A binding of the two, in which we fail to recognize the ways in which they are interrelated, promotes a literal view over an imaginal one. Without an awareness of the two-fold nature we lose the multi-dimensional nature of psyche and the notion of Anima Mundi, a world soul in which we all participate in and influence through our actions and inactions.

Choice is a big idea, and yet, dare we look deeply down the well of that idea to consider all of its implications, beyond the seeming choices we think we have at the moment, and get at the overarching drive that may very well mask our motivations, and miss, or avoid, the consideration and reflection of furthering the images of the goal?

“Hey girl
As I’ve always said I prefer your lips red
Not what the good Lord made
But what he intended” Roger Waters

Jim Morrison/Dionysus and Some Criticisms of Monotheism (9/09)

Great writing by Paul DeFatta on the Dionysian influence on the life and death of Jim Morrison and the affects of the shift away from polytheism to monotheism.

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Regardless of its merits as an accurate depiction of Jim Morrison, the Oliver Stone movie “The Doors” serves as a useful illustration of the risks and the dangers involved in becoming psychologically identified with a religious archetype—in this case the ancient pagan deity, Dionysus.  At the same time, the film acknowledges and vicariously celebrates the imaginatively vitalizing and enriching effects produced by an influx of such “unauthorized” (by traditional Christianity) archetypal energy.  As the movie progresses, Jim Morrison’s ego becomes increasingly identified with (or subsumed by, depending on the direction from which one approaches the situation) this age-old god of “divine madness,” leading eventually to the breakdown and disintegration of an inflated, Dionysus-and-Jack Daniels-intoxicated ego-personality.  Of course, in chronicling the progressive dissolution and disintegration of his personality, the film unfolds like a cautionary tale.  The rock star’s ego, failing to maintain even a faint toehold within the arenas of…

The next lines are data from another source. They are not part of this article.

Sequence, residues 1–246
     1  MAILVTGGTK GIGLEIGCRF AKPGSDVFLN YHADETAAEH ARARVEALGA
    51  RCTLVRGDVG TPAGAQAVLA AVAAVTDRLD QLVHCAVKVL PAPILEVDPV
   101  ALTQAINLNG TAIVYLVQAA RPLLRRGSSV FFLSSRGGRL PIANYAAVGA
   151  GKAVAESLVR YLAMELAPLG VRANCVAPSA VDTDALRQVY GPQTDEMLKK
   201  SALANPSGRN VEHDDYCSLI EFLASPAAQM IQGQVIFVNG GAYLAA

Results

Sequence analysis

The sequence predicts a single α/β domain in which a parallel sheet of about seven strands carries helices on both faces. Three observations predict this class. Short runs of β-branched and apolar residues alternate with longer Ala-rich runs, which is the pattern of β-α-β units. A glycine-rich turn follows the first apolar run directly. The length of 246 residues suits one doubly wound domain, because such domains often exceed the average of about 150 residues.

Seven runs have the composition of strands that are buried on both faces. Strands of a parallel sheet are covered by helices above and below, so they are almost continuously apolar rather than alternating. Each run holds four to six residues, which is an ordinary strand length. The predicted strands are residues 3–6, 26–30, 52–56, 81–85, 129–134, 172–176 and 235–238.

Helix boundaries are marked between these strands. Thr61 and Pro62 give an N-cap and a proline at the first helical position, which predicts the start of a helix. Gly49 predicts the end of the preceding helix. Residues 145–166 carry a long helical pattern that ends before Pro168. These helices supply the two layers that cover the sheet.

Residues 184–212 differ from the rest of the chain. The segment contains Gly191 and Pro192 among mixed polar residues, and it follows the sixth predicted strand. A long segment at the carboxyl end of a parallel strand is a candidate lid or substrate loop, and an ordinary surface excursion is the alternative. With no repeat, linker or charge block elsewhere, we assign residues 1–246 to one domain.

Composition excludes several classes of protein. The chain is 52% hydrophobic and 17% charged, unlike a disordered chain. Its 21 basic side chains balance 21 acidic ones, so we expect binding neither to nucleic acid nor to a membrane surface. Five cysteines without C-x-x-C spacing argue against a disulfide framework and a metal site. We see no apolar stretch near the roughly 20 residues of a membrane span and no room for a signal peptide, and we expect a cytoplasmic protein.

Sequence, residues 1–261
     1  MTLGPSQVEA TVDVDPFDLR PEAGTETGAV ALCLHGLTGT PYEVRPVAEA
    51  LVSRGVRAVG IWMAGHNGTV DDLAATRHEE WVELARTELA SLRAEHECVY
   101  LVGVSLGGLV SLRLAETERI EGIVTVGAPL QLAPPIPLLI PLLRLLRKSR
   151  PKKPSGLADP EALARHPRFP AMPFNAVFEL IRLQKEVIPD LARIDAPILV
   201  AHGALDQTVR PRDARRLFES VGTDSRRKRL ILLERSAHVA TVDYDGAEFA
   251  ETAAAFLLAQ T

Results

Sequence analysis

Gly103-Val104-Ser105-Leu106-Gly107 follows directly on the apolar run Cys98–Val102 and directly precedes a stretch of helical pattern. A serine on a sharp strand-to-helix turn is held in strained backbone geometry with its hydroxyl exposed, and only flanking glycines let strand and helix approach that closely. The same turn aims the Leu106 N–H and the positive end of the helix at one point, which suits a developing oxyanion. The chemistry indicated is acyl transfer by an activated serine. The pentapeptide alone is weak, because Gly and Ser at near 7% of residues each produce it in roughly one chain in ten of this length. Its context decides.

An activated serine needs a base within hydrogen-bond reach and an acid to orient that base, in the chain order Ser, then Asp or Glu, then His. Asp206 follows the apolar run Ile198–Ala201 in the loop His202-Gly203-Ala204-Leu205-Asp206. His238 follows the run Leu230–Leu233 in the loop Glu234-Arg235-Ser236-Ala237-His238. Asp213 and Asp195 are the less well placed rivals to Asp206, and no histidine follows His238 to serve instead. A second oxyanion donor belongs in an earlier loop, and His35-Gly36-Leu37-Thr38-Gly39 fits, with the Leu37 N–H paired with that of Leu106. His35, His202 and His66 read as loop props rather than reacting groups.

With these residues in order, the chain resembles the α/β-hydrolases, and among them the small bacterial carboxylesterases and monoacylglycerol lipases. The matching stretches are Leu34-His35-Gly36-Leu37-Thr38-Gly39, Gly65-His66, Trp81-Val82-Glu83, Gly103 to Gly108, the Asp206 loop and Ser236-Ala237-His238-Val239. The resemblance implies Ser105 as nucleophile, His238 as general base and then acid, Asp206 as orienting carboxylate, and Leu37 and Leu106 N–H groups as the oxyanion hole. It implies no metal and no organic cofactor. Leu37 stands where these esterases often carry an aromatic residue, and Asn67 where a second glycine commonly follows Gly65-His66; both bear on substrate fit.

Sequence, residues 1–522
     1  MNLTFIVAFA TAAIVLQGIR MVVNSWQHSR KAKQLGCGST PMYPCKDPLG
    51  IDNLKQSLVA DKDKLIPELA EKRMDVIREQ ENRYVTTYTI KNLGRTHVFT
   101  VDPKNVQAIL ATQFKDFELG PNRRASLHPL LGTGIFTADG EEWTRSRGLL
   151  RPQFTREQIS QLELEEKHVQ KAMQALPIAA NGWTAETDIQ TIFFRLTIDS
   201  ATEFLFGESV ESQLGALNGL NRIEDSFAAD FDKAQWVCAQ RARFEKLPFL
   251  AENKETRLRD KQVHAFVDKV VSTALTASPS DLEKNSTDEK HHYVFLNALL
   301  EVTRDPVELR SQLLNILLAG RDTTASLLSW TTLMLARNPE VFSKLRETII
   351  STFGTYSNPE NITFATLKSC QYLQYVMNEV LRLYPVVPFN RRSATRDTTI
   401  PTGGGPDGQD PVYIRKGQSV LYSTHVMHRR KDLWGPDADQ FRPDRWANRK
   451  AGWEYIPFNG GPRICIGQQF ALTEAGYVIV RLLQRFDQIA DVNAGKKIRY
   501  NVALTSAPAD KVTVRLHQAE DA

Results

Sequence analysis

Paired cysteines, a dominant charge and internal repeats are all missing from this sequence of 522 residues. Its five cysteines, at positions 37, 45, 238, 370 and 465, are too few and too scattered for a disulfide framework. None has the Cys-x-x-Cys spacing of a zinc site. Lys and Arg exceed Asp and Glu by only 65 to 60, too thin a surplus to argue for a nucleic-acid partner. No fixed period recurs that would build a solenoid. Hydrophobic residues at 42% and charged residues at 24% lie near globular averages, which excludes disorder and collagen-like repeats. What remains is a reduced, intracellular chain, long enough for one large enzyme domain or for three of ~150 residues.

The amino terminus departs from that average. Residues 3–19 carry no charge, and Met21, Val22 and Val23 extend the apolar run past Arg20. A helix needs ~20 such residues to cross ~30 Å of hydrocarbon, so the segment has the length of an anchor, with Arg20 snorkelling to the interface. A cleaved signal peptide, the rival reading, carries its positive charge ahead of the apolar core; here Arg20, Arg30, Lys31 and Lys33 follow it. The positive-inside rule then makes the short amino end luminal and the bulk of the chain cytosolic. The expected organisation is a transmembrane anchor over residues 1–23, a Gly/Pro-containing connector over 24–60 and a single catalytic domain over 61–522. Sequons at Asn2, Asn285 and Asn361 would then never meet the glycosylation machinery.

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Love and Beauty

…for a poet is a light and winged thing, and holy, and never able to compose until he has become inspired, and is beside himself, and reason is no longer in him. Plato

Let’s start at the end. What gives us joy, reason, meaning, and a feeling of being alive, connected, loved and loving? Is it not, as Plato, the poets, the mystics and many other ordinary persons have shown from time immemorial, a deep and abiding personal experience with love and beauty?

In his most recent book, Secret Body, Erotic and Esoteric Currents in the History of Religions, Jeffrey Kripal takes us on a deeply satisfying exploration of the relationship between modern currents of discontent, political division and concern for the future humanity, culture and the planet itself, compared to the state of our spirituality, or lack thereof, and specifically the loss of a deeper, more personal experience of the divine.

Consciousness is the fundamental ground of all that we know, or ever will know. It is the ground of all of the sciences, all of the arts, all of the social sciences, all of the humanities, indeed all human knowledge and experience. Moreover, as far as we can tell at the moment, this presence is entirely sui generis. It is its own thing. We know of nothing else like it in the universe, and anything we would know later we would only know in, through, and because of this same consciousness.

There is then, by way of intimate and direct apprehension, no knowing outside of the experience of one’s conscious mind and body. Whether a metaphor or not, we are in, or within, an unseen parameter of the limits and expansions of conscious experience.